Clouds over the Midcoast may clear in time to view the annual Lyrid meteor shower, which takes place as Earth passes through the tail of comet Thatcher between April 16 and 26.

Thatcher — or comet C/1861 G1 — was discovered by A.E. Thatcher in 1861, and possesses an orbit of 415 years.

According to Alan Davenport — director of the Maynard F. Jordan planetarium in Orono and show producer, astronomy educator, and coordinator of the Jordan Observatory — the Lyrids are so named because they seem to emanate from the part of the sky that holds the constellation Lyra, or the Harp.

Though the shower's peak falls at 8 a.m. on Monday, April 22, Davenport said the waxing moon will make it difficult to see many of the Lyrids until after moonset, at approximately 3 a.m.

Davenport said some of the brightest, fastest-moving meteors will be visible from 1 a.m. to 3 a.m., and may still appear “a couple of times an hour” despite bright moonlight.

“Perhaps the best viewing will be after moonset, between 3 a.m. and 5 a.m.," Davenport said, adding it would be "very hard to judge" the number of meteors that might be visible.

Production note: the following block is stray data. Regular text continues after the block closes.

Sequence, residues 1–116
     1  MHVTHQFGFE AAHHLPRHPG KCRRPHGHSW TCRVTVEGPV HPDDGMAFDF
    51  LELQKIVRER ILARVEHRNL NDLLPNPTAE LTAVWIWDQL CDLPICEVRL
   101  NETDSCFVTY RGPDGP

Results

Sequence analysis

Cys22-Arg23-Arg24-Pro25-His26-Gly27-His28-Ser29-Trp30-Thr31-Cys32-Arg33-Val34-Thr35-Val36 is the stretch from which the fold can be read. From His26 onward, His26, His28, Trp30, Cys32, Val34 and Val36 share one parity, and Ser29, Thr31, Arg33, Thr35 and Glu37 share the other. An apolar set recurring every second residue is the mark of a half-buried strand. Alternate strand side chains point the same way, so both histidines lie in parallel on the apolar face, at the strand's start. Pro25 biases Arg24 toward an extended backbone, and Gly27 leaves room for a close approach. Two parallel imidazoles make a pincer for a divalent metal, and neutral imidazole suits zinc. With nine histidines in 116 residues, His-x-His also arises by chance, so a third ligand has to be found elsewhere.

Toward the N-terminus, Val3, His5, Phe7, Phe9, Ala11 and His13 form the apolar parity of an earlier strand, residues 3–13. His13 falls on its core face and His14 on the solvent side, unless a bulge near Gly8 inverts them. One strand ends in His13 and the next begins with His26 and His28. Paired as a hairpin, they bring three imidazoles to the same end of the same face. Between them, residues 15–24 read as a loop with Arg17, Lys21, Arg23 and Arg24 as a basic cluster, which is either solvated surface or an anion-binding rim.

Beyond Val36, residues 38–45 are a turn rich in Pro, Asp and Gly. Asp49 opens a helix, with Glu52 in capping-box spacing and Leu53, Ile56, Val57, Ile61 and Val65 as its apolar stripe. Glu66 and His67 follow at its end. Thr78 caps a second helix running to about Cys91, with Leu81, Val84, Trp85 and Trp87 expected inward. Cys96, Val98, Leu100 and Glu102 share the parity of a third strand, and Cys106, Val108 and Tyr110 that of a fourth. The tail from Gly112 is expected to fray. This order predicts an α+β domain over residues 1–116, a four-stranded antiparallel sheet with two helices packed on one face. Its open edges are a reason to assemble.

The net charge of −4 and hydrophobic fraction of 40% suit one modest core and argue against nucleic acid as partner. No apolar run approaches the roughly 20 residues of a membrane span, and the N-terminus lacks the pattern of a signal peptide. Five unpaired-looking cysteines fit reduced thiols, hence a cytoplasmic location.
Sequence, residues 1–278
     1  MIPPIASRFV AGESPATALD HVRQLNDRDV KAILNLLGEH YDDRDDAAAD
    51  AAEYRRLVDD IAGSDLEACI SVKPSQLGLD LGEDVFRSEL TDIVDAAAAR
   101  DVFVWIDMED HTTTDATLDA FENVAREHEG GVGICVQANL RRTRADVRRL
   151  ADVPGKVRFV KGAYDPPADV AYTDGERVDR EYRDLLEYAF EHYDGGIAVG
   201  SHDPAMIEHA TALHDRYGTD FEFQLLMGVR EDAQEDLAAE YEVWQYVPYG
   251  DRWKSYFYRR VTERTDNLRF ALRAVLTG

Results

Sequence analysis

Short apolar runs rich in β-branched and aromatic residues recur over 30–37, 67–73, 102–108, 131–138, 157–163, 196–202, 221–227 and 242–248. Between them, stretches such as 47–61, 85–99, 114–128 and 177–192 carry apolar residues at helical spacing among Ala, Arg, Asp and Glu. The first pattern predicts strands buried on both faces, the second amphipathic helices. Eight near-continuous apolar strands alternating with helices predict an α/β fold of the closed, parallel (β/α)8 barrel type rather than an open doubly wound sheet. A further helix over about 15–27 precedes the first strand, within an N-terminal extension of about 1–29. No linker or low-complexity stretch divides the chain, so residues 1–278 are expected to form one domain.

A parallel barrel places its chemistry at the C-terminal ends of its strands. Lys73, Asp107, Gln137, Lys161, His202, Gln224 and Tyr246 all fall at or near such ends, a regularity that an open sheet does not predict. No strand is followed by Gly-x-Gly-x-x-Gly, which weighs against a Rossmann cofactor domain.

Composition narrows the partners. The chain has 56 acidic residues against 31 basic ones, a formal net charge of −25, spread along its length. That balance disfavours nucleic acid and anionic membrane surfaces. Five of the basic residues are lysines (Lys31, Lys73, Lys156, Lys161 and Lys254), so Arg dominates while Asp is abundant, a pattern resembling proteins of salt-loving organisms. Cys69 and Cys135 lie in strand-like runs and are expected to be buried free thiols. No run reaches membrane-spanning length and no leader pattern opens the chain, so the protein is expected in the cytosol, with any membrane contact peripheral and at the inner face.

Davenport said meteor showers are not well-defined points in time, and may possess vague or multiple peaks, so meteors may also be visible the nights leading up to and following the April 21-22 peak.

According to meteorologist Ken McKinley's April 16 LOcal foCUS forecast, cloudy skies are likely the nights of Friday, April 19, and Saturday, April 20, but Sunday, April 20 should be mostly clear, with temperatures in the lower 30s.

Davenport recommended stargazers use reclining lawn chairs and sleeping bags for optimum viewing conditions.

Camden Herald reporter Bane Okholm can be reached at 236-8511 ext. 304 or by email at bokholm@courierpublicationsllc.com.